“Thank you for holding this hearing today, Mr. Chairman. While I believe it’s critically important that we examine the ways in which we can prevent future pandemics, I would be remiss if I did not begin today by acknowledging the severity of our ongoing crisis.
“I’ll put it plainly. Americans are suffering as the coronavirus continues to spread. More than 500 Delawareans have tragically lost their lives due to this disease, along with more than 140,000 other Americans. To put those numbers in context, 25 percent of all COVID19-related deaths have occurred in our country, despite the fact that Americans constitute less than 5 percent of the world’s population. Getting this deadly virus under control and providing assistance to those who need it most must remain our primary focus.
“With that said, experts around the globe have acknowledged the connection between wildlife trade and the emergence of COVID-19. I appreciate the opportunity we have here today to examine and better understand that connection.
“I’ll be honest, Mr. Chairman. In the Carper household we really only talk about two things: Detroit Tigers baseball and zoonotic diseases. And since the Tigers haven’t given us much to talk about recently, we’ve been spending a lot more time talking about zoonotic diseases.
“People may tune into our hearing and wonder, ‘what is a zoonotic disease anyway?’ They might not realize that, these days, zoonotic disease has become a matter of our everyday lives and a topic of daily conversation. Zoonotic diseases are diseases that are transmitted from animals to humans. Believe it or not, at least 61 percent of human diseases are zoonotic.
“Some well-known examples of zoonotic diseases include the West Nile virus, Lyme disease, and Rabies. Another example of a zoonotic disease is the 2019 novel coronavirus, also known as COVID-19 or, simply, the coronavirus. While we still don’t know exactly how the virus made the leap from wildlife to humans, we do know that unnatural conditions in live wildlife markets in China – known as ‘wet markets’ – likely played a role.
“While tens of thousands of our own countrymen and women die from this virulent disease, it would be easy for us to simply point to the role that China and other countries play in wildlife trafficking and place blame. But the truth is that our country also plays a significant role in the global wildlife trade. For example, wet markets exist in the United States. They are not exactly like the wet markets found in Asia and elsewhere, and they’re not as prevalent, but they do exist—and they may pose a real risk to human health.
“As we consider the connections between illegal wildlife trafficking and zoonotic diseases, I hope we will not just place the blame on other countries but, rather, do what’s right by also reflecting upon our own practices here in the United States. We need to discuss how we – as a country – can better support our own state and federal efforts to combat zoonotic diseases.
“For starters, there’s a lot more we can do as a country to bolster research and to encourage coordination regarding zoonotic diseases. To that end, I look forward to hearing ideas and advice from our esteemed panel of witnesses, particularly for the U.S. Fish and Wildlife Service, which is in the jurisdiction of our Committee.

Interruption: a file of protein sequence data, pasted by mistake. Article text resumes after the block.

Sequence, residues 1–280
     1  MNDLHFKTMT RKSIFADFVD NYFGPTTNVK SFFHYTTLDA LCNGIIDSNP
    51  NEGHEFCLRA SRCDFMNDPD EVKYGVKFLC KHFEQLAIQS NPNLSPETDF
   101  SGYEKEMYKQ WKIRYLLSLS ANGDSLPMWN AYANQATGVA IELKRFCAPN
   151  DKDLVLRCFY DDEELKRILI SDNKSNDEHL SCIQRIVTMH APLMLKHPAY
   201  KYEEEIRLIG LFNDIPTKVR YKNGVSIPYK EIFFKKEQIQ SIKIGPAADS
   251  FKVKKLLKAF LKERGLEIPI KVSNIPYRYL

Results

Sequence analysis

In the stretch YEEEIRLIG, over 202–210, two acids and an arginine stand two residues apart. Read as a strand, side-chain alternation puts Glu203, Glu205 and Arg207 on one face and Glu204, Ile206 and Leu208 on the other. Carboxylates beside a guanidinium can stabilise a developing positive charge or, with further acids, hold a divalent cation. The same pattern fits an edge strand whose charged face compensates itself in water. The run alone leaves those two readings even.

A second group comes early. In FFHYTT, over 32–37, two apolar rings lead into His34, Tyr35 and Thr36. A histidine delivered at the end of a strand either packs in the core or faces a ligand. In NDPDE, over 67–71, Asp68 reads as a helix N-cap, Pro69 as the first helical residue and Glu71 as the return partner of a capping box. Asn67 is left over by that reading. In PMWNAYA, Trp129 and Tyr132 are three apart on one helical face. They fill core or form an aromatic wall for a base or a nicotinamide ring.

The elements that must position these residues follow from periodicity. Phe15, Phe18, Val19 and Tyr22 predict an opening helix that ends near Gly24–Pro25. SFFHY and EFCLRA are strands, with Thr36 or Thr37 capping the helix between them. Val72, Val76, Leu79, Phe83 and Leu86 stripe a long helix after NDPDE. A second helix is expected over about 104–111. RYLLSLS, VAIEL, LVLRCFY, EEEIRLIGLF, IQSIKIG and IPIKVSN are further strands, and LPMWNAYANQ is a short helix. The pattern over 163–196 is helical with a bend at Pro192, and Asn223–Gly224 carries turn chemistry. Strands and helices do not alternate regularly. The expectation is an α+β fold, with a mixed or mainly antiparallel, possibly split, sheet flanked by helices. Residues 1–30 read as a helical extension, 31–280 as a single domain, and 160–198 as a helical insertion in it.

“We can also step up our efforts to support law enforcement in other countries and help those countries build capacity to combat wildlife trafficking. The United States can lead by example in this regard by working with other countries to reduce demand, like we have done successfully in the past on highly trafficked parts such as ivory.
“Moreover, it’s worth noting that some of the international wildlife trade that could contribute to the emergence of future pandemics is legal. And when it comes to legal wildlife trade, the United States is a top importer of live animals. Much of this global trade is economically important, sustainable, and poses little risk to human health, but perhaps not all of it is. We may need to make difficult decisions and fundamentally change some of the ways in which we interact with wildlife right here in the United States and around the world.
“We know that natural, resilient ecosystems, when left to their own devices, thrive and support biodiversity. Biodiversity supports a healthier planet. But when we interfere and create unnatural conditions, the unintended consequences can sometimes be severe. For instance, wet markets increase the chance for disease transmission between species and then, ultimately, to humans.
“Climate change may also create problematic, unnatural circumstances. For example, resource scarcity driven by climate change will cause humans to interact with new animals. As such, new wildlife species will likely be traded, increasing the already-high risk for the spread of zoonotic disease. At the same time, as climate change continues to displace and disrupt both human and non-human populations, scientists expect that disease susceptibility will increase.
“As we seek to prevent future pandemics caused by zoonotic disease, we’d be wise to try and minimize the forces of uncertainty. We have learned that climate change will almost certainly bring with it more uncertainty to the management of zoonotic diseases, which is one more reason why addressing climate change is critical to the prevention of future pandemics.
“When the United States addresses its shortfalls at home – in the interest of creating a more perfect union, and a better world – we send a strong signal to both friends and foes abroad when we lead by our example. And, that is precisely what I hope we will strive to do as we contemplate next steps to combat illegal wildlife trafficking and the prevention of future pandemics.
“Thank you to our witnesses for joining us today, and thank you, again, Mr. Chairman, for convening this hearing.”